In the summer of 1914, van Meegeren moved his family to Scheveningen. That year, he completed the diploma examination at the Royal Academy of Art in The Hague. The diploma would allow him to teach, and soon he took a position as the assistant to Professor Gips, the Professor of Drawing and Art History, for the small monthly salary of 75 guldens. In March 1915, his daughter Pauline (later called Inez) was born. To supplement his income, Han would sketch posters and paint pictures (generally Christmas cards, still-life, landscapes, and portraits) for thecommercial art trade. Many of these paintings are quite valuable today.
Van Meegeren showed his first paintings publicly in The Hague, where they were exhibited from April to May 1917 at the Kunstzaal Pictura. In December 1919, he was accepted as a select member to the Haagse Kunstkring, an exclusive society of writers and painters, who met weekly on the premises of the Ridderzaal. In his studio at The Hague, opposite the Royal Palace Huis ten Bosch, van Meegeren would paint the tame Roe Deer belonging to Princess Juliana. He made many sketches and drawings of the deer and in 1921, painted Hertje (The fawn), which became quite popular in the Netherlands. He undertook numerous journeys to Belgium, France, Italy and England, and acquired a name for himself as a talented portraitist. He earned stately fees through commissions from English and American socialites who spent their winter vacations on theCôte d’Azur. His clients were impressed by his understanding of the 17th century techniques of the Dutch masters. Throughout his life, van Meegeren would paint pictures to which he would sign his own signature, which differed greatly from the marks he used on his forgeries.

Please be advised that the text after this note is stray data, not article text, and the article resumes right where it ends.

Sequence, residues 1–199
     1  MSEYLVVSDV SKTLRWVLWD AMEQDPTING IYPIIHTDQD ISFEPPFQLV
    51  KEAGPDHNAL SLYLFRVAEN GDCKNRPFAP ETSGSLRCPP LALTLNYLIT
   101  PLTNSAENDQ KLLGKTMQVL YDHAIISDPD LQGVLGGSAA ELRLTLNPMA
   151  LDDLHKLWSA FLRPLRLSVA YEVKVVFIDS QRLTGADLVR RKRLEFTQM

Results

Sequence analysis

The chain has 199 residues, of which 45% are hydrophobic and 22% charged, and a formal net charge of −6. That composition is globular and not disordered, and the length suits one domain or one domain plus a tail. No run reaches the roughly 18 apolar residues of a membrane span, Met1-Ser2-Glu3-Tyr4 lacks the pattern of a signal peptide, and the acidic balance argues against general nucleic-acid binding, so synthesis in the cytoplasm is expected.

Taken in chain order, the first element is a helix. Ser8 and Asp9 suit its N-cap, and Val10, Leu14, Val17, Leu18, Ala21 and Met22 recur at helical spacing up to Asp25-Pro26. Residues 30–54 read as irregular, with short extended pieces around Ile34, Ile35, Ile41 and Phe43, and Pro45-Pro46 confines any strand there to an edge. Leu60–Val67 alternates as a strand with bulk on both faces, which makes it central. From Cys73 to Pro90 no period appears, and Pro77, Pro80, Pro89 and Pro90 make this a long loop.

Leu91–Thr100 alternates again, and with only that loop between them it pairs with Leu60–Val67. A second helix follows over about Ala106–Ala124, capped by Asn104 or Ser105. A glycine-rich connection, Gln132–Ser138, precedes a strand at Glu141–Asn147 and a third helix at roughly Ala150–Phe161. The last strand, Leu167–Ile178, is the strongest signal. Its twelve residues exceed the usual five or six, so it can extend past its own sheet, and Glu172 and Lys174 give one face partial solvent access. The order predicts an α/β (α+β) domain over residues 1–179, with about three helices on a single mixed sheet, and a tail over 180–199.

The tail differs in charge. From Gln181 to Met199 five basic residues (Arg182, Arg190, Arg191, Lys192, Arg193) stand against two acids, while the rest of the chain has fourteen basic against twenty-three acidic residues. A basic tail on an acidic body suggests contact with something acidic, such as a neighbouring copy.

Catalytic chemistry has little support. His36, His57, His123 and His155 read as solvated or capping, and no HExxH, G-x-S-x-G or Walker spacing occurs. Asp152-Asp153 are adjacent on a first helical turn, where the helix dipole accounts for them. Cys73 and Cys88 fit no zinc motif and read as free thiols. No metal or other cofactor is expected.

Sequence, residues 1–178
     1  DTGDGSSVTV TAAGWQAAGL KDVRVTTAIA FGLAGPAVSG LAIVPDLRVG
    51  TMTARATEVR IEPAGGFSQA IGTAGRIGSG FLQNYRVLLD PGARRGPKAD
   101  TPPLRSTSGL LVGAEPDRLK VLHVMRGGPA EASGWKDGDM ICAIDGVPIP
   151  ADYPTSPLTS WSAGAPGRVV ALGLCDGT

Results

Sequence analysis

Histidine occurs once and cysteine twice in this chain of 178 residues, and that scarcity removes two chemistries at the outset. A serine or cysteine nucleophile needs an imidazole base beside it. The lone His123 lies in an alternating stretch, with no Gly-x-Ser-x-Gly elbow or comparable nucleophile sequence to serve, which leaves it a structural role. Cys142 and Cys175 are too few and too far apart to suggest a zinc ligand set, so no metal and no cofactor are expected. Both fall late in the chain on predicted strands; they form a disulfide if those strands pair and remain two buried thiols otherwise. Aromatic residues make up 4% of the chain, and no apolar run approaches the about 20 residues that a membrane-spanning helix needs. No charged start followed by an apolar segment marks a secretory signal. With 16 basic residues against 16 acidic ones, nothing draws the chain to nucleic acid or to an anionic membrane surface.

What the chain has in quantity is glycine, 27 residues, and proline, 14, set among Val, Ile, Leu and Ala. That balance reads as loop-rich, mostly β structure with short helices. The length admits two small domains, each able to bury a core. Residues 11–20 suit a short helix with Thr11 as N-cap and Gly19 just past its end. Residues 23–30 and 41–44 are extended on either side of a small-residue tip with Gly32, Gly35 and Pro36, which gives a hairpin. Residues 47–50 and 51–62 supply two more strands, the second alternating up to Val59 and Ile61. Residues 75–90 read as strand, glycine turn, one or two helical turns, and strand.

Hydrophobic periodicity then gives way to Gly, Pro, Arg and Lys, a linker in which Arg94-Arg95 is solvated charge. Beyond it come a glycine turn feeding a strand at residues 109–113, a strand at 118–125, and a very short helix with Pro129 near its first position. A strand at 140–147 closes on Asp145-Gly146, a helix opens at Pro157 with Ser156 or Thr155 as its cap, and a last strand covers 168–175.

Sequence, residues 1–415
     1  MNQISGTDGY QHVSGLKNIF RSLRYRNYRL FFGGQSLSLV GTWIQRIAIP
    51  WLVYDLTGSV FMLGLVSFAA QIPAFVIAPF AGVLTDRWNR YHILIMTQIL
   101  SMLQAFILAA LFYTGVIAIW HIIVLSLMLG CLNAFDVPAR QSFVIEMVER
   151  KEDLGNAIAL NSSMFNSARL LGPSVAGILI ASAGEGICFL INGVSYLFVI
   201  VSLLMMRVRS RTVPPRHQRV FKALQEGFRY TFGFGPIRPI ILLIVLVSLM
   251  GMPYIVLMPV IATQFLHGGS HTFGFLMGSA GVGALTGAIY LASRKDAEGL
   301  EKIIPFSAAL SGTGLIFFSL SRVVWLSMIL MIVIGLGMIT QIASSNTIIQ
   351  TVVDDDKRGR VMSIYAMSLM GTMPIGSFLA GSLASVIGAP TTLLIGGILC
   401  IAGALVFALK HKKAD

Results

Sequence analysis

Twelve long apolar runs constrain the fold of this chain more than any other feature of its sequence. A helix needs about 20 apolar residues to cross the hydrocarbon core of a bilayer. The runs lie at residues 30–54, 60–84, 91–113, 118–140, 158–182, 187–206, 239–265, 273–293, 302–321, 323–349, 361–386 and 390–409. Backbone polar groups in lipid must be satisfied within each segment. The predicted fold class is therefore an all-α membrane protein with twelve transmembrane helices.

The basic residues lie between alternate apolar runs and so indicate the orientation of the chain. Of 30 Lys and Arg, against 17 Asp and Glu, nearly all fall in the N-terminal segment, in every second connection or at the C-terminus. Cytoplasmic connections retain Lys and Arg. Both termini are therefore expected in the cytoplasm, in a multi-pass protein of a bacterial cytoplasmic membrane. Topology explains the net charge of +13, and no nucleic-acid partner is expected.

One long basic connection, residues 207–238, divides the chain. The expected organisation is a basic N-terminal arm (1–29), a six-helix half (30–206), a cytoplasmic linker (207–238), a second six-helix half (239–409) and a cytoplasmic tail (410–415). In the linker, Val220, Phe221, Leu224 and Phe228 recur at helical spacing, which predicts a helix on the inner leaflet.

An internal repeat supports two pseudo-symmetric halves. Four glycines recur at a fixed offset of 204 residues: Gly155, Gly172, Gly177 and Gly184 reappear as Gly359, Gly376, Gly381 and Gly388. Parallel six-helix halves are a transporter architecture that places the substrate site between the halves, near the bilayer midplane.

By all accounts, infidelity was responsible for the break up of van Meegeren’s marriage to Anna de Voogt; they were divorced on 19 July 1923. Anna left with the children and moved to Paris, where from time to time, van Meegeren would visit his children. He now dedicated himself to portraiture and began producing forgeries to increase his income.
In 1928, he was remarried, in Woerden, to the raffish actress Johanna Theresia Oerlemans (also known under her stage name Jo van Walraven), with whom he had been living for the past three years. Jo had previously been married to art critic and journalist Dr. C H. de Boer (Karel de Boer), and she brought their daughter, Viola, into the van Meegeren household.